I made a pilgrimage to Compton last week in search of wisdom, to a little storefront with bars over the windows and a liquor-grocer next door.
Sonia Sotomayor, the Supreme Court nominee, set me off on this quest with her oft-repeated observation that "a wise Latina woman with the richness of her experiences would more often than not reach a better conclusion than a white male . . . "
Southern California is home, arguably, to more wise Latinas than any other place in the United States. The only Latina in Obama's cabinet (Labor Secretary Hilda Solis) is from here. And I personally know dozens more, starting with my mother, my wife, my mother-in-law and assorted professors, activists and sharp-minded stay-at-home moms.
But Judge Sotomayor was referring, specifically, to the law. So I thought I should go find a smart Latina attorney and ask her if she thought that was true. Does American jurisprudence look different from a Latina woman's eyes, and if so, what does she see in the United States that a wise "white male" does not?
Until recently, Luz Herrera, 36, ran a solo law practice in Compton. She was born in Tijuana to Mexican parents and raised in heavily Latino neighborhoods of unincorporated West Whittier. But she'll be the first to tell you that her background alone didn't make her wise. Neither, she says, did Harvard Law School, from which she graduated in 1999.
"I learned to think like a lawyer there," she said of Harvard. "I learned how to be a lawyer here. That's what Compton gave me."
For much of the last seven years, Herrera was the only full-time, Spanish-speaking lawyer with an office in Compton, a community with more than 50,000 Latino residents. She was more than a lawyer, she said, to many of her clients, most of whom were working people who needed a bit of "hand holding" along with a legal brief or two.
What Sotomayor can bring to American justice, Herrera told me, is something that Herrera longs for every day: the understanding that the Latino experience is already "a part of the fabric of U.S. society" and that this truth should be reflected in our legal system.
I first read about Herrera in the Los Angeles Daily Journal in March. Columnist Martin Berg called a visit to her Compton offices "a little jolt of hope and inspiration" in the gloom of an economic crisis that's hit the legal community hard.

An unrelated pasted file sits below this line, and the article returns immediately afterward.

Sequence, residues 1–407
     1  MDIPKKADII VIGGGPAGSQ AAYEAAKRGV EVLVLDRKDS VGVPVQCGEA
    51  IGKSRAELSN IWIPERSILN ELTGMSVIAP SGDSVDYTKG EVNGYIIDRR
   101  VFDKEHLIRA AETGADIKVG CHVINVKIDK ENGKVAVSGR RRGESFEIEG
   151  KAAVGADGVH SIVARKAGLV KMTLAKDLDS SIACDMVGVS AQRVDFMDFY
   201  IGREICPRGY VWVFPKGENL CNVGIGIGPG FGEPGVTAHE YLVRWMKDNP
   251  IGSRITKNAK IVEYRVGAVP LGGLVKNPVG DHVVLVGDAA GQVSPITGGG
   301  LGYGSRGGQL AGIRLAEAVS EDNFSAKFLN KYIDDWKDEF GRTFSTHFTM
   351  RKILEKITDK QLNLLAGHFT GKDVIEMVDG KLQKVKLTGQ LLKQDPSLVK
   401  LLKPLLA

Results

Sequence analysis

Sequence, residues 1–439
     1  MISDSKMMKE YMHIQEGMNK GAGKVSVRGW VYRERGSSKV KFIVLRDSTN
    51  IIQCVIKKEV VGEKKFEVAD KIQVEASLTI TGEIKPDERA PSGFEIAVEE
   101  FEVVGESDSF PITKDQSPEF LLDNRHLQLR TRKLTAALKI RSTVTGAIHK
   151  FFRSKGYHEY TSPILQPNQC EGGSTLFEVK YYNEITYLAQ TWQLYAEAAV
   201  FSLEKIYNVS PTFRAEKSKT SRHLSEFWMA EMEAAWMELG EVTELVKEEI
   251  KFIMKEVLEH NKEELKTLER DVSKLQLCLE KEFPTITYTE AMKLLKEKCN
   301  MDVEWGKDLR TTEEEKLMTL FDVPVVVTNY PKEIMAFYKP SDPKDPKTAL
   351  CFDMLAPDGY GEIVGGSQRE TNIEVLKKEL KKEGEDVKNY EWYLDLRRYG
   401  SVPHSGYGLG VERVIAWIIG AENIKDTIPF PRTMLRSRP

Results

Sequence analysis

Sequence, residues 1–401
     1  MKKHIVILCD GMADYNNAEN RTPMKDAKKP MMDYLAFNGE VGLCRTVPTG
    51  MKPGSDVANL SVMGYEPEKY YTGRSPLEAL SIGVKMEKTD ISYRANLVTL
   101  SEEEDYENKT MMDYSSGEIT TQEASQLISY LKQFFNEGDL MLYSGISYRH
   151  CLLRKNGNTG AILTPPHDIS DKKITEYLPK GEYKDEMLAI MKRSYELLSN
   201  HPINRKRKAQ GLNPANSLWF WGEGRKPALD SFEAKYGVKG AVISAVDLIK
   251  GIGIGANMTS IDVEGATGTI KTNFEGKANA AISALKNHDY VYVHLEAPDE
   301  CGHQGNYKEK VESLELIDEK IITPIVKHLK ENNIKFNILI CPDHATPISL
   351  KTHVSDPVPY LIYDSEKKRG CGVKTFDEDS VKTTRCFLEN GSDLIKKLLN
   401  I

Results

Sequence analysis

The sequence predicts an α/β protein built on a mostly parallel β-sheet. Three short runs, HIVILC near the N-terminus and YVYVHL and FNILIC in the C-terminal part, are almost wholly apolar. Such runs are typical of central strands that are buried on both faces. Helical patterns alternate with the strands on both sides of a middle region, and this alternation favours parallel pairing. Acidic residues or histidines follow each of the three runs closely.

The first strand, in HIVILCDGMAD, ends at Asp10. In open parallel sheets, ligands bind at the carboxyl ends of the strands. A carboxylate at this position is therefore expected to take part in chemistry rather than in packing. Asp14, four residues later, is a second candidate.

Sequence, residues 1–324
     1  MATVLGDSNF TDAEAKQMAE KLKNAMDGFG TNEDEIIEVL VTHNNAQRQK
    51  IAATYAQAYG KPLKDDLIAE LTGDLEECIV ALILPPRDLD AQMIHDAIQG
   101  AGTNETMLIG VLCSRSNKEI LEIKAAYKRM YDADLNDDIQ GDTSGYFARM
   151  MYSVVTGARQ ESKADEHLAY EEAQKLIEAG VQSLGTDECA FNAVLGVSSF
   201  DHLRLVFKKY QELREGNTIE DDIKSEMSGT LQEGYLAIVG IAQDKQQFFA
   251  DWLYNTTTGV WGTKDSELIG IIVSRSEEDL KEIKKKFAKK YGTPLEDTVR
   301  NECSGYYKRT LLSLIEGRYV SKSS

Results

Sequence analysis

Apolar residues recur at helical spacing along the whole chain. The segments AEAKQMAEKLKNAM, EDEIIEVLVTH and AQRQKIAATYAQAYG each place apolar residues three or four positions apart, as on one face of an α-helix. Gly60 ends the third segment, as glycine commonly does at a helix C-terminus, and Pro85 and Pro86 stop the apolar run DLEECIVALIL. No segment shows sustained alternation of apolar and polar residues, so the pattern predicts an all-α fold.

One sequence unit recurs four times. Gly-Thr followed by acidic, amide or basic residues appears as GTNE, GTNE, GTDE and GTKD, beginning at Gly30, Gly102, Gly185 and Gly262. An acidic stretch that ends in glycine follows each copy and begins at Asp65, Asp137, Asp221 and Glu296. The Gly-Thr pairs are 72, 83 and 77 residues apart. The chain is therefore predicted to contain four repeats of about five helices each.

Herrera traveled from West Whittier to Stanford, and then from Stanford to Harvard to Compton, because she's a proud Latina. Her journey is one of those American stories that reminds us that American wisdom is, by definition, a book written by people of many different colors, faiths and outlooks.
"I went into law because I wanted to represent people from my community," said the daughter of immigrants, who graduated, as I did, from Pioneer High School in Whittier.
Hard work took Herrera to Harvard, where the grads, she said, think of their law degrees as "golden tickets." Herrera cashed in too, with a six-figure salary right out of law school. But during two years as a "corporate drone," she never entered a courtroom.
In law school she had discovered that the traditional path for Mexican American legal warriors -- civil-rights litigation -- wasn't her passion either. She wanted to do work that put her in touch with regular working people.
So in 2002 she set up a solo practice in the offices of a retiring attorney in Compton. Like Abraham Lincoln in Springfield, Herrera hung up her shingle and took on the kinds of cases that typically are the bread and butter of small-town attorneys -- divorce and child custody, bankruptcy, probate and real-estate transactions.
"I was scared and I was learning as I went along," she said.You might think of Compton as part of the big city, but in the eyes of the legal community, it's in the boondocks, Herrera said. "People think that if you're working here, you must not be a good lawyer."
But legal wisdom came, she said, in the unglamorous unfolding of cases in the satellite courthouses of Compton and Long Beach. And also in the East Los Angeles Small Claims Court, federal Bankruptcy Court and too many other places to mention.
Many of her clients were people like her own immigrant parents -- entrepreneurial, with some money to pay for a lawyer, but distrustful of the law.
There were a lot of people, she said, who were "freaked out" by the legal process. Often they ignored the summonses and legal documents that arrived in their mailboxes, hoping that the problems would just go away.
In this place some of her fellow law-school graduates looked down on, she saved people's homes and rescued their businesses.
"I thought, 'This is what I was meant to do,' " she said. "It's been a coming home."
At first, she said, she was surprised by the "sheer number" of people calling her office. Eventually, she began to see a truth about working-class Southern California that a lot of other people in the legal community either don't see or prefer not to talk about.